The majority of the Court made a distinction between expecting that a teacher will not make a recording for a sexual purpose and the expectation of privacy. The Court decided that the expectation not to be recorded arises from the teacher-student relationship, and not from a privacy expectation.

[105]   Clearly, students expect that a teacher will not secretly observe or record them for a sexual purpose at school. However, that expectation arises from the nature of the required relationship between students and teachers, not from an expectation of privacy. The expectation would also prevail, I would suggest, if a student met a teacher at a mall.

Ultimately, the majority of the Court of Appeal concluded that the teacher breached his relationship of trust with his students by making surreptitious recordings for a sexual purpose. However, they concluded that the offence of voyeurism required the Crown to prove that the students were in circumstances that gave rise to a reasonable expectation of privacy, and that the trial judge had erred in making that finding.

Justice Huscroft's dissenting reasons state that he saw the issue as a straightforward question: should high school students expect that their personal and sexual integrity will be protected while they are at school? He disagreed with the majority's conclusion that because students are seen at school, they have no reasonable expectation of privacy. Justice Huscroft came to a conclusion that favours student protection, stating as follows:

[133] ... In my view, the students' interest in privacy is entitled to priority over the interests of anyone who would seek to compromise their personal and sexual integrity while they are at school. They have a reasonable expectation of privacy at least to this extent, and that is sufficient to resolve this case.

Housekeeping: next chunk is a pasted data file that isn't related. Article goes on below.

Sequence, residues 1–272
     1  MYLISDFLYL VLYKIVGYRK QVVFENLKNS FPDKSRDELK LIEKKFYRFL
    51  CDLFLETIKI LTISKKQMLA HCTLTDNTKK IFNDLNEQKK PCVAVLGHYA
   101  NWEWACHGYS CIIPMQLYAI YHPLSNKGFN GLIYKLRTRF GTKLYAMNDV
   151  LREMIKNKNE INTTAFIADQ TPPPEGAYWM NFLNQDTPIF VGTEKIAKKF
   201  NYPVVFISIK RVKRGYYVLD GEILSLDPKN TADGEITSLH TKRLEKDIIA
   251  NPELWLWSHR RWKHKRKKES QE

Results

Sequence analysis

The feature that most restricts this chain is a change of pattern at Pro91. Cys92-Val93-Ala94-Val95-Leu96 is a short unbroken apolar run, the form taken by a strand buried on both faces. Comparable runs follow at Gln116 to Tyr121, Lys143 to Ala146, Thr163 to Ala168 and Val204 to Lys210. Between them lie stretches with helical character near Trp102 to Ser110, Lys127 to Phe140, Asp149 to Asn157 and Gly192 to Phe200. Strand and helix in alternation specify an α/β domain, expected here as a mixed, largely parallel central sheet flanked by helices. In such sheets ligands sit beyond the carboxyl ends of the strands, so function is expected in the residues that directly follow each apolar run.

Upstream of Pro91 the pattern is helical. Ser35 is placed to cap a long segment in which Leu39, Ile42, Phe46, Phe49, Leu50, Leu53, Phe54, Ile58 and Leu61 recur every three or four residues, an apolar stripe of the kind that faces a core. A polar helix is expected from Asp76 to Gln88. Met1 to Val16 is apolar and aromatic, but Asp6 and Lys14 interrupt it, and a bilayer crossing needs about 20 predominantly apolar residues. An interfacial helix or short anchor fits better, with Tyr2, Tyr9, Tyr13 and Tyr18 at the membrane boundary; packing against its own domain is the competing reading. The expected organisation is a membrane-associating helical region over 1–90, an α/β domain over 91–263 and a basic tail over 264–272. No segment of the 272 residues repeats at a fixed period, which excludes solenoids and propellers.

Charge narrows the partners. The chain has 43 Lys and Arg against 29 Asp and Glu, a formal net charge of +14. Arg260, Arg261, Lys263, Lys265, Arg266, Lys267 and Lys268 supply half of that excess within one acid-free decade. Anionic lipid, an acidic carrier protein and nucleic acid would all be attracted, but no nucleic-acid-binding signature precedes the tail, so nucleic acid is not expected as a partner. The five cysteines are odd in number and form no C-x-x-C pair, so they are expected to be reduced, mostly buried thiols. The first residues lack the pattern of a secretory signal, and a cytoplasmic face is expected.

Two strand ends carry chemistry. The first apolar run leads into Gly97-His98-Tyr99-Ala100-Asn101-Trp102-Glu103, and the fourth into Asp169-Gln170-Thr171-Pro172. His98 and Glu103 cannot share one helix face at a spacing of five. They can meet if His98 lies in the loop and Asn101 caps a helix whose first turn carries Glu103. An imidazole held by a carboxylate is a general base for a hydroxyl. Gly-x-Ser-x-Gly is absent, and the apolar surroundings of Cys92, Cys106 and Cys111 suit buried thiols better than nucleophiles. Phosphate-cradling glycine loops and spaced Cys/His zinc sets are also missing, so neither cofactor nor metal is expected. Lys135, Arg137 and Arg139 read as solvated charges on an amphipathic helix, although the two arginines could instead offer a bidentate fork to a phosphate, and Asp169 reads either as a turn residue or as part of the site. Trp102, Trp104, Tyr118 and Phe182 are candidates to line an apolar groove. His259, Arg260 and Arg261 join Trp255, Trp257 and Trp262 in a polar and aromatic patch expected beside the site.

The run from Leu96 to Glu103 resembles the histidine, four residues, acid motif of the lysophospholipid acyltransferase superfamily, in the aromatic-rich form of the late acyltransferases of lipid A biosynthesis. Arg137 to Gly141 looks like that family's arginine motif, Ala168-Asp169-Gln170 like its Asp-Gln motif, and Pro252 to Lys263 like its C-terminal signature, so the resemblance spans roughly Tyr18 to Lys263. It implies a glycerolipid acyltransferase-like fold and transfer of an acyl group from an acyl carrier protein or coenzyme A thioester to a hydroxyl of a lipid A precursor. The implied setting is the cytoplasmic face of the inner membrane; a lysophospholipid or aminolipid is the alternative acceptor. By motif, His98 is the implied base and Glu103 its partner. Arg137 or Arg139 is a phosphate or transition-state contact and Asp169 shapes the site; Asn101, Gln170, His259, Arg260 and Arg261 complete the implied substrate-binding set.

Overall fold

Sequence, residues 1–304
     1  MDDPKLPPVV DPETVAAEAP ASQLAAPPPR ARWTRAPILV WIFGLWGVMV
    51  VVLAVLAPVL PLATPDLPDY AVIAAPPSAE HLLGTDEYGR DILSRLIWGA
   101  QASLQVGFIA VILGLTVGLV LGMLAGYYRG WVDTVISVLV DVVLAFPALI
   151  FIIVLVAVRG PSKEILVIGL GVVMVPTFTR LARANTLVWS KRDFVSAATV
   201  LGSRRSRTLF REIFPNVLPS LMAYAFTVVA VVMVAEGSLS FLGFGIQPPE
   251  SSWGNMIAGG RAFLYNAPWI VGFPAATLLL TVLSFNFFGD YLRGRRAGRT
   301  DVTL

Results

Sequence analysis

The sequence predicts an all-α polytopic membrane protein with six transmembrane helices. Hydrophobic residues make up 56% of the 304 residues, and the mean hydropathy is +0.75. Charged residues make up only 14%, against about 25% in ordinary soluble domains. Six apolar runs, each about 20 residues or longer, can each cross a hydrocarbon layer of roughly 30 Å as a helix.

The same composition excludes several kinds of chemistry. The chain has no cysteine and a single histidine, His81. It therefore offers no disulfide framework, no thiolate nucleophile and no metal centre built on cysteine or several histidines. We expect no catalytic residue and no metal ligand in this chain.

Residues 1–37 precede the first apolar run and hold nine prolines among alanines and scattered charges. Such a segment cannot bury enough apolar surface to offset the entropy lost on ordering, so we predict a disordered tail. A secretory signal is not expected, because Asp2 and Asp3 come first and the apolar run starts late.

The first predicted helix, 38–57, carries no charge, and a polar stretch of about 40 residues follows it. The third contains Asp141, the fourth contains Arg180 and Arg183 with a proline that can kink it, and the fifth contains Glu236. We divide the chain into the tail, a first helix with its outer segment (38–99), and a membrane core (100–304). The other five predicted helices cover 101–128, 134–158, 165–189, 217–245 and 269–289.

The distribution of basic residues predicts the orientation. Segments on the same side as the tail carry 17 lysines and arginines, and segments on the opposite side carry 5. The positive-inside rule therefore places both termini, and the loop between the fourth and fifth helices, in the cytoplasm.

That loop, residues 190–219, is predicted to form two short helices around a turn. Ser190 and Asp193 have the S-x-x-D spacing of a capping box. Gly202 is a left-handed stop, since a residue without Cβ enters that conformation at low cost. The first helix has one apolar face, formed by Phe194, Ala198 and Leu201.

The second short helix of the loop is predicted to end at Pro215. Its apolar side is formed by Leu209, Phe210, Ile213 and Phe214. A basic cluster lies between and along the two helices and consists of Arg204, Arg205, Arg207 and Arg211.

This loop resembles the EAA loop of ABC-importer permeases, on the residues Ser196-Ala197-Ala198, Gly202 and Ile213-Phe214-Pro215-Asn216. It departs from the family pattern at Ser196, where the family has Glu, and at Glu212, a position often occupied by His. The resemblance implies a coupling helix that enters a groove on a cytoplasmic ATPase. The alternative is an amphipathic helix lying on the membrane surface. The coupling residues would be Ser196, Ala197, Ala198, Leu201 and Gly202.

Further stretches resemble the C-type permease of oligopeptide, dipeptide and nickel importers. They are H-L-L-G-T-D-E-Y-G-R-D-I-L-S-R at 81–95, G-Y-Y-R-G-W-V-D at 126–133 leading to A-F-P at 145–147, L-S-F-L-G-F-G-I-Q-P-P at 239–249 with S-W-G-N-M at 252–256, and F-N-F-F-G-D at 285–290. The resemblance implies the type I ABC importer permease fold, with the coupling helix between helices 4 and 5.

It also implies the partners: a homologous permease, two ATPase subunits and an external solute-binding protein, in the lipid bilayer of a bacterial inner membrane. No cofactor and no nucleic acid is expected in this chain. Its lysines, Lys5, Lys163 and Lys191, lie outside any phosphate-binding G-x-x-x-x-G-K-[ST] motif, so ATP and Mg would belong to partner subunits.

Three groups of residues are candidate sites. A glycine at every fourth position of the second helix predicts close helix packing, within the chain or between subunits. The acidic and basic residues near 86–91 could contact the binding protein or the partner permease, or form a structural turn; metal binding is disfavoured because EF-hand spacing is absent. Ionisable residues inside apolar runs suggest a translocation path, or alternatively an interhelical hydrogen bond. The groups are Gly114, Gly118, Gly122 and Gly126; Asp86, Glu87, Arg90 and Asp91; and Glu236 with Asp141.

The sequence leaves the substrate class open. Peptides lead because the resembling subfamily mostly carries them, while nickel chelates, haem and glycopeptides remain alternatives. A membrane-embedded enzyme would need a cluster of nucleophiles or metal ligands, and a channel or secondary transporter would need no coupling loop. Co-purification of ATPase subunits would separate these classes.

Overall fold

Justice Huscroft summed up the paradoxical result of the majority's decision:

The result is the opposite of what one would expect: surreptitious visual recording of high school students for a sexual purpose, while they are at high school, is not illegal.


The decision in R. v. Jarvis raises important and evolving issues regarding police investigation of electronic recordings and the burden of proving such offences in the criminal context. The issue will continue to evolve as society is presented with new technology for recording and storing images.

In the employment context, there remains no doubt that the school board could take steps to address the conduct of the teacher in R. v. Jarvis, including dismissal for cause and reporting the matter to the Ontario College of Teachers.

About BLG

The content of this article is intended to provide a general guide to the subject matter. Specialist advice should be sought about your specific circumstances.

To print this article, all you need is to be registered on

Click to Login as an existing user or Register so you can print this article.

Similar Articles
Relevancy Powered by MondaqAI
In association with
Related Topics
Similar Articles
Relevancy Powered by MondaqAI
Related Articles
Up-coming Events Search
Font Size:
Mondaq on Twitter
Register for Access and our Free Biweekly Alert for
This service is completely free. Access 250,000 archived articles from 100+ countries and get a personalised email twice a week covering developments (and yes, our lawyers like to think you’ve read our Disclaimer).